It was the export promotion (EP) strategy that accounted for East Asian's states' success of economic development. Meanwhile, many other developing countries such as Latin America countries had committed to an alternative strategy, import substitution (IS). The IS strategy yielded disappointing results: most of these countries did not succeed in either industrialization or economic growth while export-oriented industrializations (EOIs) sustained fast economic development. Data from the World Bank (1993) showed that the real GDP of EOIs (7.6%) grew faster than IS countries (3%) during 1965-1990. There is no doubt that EOIs outperformed countries that adopted IS strategy in terms of economic development. However, are there any other aspects that EP is better than IS? In this essay, the detailed comparisons between these two strategies will be discussed in three main parts: (1) industrial sector; (2) agriculture and service sector; and (3) international trade policy. Also, the merits of IS and the limits of EP will be mentioned.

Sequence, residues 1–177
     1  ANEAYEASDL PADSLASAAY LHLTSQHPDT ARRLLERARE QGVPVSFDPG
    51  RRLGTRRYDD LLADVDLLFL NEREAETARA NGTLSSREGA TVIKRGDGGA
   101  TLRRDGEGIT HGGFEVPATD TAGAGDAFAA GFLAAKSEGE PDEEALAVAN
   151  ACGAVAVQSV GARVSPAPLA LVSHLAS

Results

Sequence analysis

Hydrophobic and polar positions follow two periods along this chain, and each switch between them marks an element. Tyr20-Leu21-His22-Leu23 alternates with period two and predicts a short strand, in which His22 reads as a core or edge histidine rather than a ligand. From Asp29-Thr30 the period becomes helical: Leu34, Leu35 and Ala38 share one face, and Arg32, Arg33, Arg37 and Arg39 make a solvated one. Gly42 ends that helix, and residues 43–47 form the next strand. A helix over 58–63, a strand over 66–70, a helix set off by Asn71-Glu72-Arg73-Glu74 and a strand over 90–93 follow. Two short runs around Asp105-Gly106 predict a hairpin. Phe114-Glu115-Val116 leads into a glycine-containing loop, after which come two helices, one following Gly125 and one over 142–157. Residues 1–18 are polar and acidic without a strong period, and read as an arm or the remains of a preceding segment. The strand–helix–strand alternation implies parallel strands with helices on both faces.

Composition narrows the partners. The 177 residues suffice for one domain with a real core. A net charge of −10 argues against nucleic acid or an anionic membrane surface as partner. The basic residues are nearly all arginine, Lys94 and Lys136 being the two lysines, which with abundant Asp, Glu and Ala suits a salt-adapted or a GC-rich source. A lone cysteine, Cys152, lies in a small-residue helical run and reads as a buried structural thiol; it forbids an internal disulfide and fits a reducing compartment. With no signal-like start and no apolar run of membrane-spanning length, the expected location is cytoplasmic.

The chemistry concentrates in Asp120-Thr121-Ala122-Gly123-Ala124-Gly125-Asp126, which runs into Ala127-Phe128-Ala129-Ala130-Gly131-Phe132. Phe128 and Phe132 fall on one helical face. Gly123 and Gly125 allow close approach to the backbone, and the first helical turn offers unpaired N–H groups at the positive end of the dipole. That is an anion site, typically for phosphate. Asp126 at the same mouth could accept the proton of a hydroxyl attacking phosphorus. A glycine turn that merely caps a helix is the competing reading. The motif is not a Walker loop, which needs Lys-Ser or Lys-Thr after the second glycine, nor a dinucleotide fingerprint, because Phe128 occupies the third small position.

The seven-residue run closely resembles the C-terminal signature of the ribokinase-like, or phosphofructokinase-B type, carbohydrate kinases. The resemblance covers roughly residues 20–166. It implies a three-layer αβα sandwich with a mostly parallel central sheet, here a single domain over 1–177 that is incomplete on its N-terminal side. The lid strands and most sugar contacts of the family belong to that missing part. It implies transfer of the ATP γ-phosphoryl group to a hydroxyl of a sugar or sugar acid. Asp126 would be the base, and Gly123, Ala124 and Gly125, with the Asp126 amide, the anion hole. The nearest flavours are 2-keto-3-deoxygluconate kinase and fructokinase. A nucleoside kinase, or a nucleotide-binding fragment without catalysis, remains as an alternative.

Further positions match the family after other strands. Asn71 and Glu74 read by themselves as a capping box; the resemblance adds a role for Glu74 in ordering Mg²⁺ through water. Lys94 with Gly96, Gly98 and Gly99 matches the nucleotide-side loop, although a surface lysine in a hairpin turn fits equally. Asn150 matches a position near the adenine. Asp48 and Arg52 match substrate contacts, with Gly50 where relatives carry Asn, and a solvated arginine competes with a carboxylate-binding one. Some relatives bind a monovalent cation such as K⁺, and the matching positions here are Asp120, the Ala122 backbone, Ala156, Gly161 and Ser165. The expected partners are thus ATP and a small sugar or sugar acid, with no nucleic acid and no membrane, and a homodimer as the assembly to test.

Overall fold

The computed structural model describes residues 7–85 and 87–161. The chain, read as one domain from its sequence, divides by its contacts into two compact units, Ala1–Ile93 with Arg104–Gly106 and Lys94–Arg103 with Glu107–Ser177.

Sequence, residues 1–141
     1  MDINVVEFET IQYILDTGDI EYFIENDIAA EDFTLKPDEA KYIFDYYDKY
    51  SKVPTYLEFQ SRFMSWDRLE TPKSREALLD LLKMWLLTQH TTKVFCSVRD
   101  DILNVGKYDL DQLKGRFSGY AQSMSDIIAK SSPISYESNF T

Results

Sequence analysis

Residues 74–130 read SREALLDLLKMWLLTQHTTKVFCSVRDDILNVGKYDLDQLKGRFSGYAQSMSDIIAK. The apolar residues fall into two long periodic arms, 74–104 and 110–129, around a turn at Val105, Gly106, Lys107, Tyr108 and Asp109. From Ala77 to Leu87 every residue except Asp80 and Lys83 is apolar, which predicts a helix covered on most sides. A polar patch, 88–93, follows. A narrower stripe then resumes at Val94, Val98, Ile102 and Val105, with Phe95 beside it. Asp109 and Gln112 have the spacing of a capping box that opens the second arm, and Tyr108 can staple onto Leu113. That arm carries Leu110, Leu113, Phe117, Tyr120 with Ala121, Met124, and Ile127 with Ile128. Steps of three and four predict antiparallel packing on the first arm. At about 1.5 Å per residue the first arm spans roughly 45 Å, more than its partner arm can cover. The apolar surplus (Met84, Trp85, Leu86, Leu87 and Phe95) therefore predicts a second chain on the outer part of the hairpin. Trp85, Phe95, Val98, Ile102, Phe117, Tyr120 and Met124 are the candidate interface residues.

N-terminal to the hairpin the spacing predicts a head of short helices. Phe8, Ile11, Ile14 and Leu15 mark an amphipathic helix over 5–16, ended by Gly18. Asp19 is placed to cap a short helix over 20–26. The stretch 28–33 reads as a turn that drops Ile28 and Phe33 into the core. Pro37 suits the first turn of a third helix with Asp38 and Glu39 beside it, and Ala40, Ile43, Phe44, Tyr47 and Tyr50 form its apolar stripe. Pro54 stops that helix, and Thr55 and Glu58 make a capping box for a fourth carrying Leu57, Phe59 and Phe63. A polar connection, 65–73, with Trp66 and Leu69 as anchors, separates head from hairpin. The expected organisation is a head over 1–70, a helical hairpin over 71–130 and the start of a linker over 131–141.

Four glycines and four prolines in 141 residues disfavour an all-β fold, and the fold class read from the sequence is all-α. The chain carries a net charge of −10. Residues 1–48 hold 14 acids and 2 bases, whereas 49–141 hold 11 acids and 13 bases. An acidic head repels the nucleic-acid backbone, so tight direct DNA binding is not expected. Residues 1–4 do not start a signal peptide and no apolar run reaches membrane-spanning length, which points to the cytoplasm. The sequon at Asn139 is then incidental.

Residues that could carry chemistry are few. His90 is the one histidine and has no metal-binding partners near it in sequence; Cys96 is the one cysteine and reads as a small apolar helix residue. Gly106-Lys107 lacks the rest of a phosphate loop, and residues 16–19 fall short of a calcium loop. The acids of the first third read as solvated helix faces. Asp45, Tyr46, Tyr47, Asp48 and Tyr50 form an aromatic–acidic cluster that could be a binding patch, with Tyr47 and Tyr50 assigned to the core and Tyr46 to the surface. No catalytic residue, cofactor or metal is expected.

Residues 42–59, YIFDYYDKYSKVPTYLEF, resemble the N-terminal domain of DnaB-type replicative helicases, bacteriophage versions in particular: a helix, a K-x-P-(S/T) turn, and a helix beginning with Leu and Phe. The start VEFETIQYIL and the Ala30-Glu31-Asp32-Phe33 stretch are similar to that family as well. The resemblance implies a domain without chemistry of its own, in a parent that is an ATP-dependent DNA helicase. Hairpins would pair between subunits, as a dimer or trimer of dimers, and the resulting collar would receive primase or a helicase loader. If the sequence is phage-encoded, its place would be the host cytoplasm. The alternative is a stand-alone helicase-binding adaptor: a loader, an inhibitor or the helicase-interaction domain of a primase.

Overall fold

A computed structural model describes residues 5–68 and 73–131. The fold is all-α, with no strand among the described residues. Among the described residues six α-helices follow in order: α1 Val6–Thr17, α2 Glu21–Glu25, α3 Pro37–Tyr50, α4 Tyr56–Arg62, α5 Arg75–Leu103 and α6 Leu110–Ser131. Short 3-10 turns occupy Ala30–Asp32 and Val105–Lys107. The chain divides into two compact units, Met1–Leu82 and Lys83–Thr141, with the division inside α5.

2.Comparisons between EP and IS
2.1Definition of IS and EP:
The IS strategy prescribed by structuralists such as Presbish (1950) and Myral (1957) favored expansion of the industrial sector in the domestic market to substitute for imports. The key idea is to protect "infant industries", especially heavy industries, by substituting the imported goods with the locally produced goods via government intervention to the whole economy. The structuralists believe protection is necessary for most developing countries to establish a strong base for domestic industry while it develops into a mature local industry. The government can make this protection not only via tariffs, quotas but also via exchange rates, prices of the factors of production and interest rate. Opposite to the IS strategy, EP is a trade and economic policy aiming to speed-up the industrialization process of a country through exporting...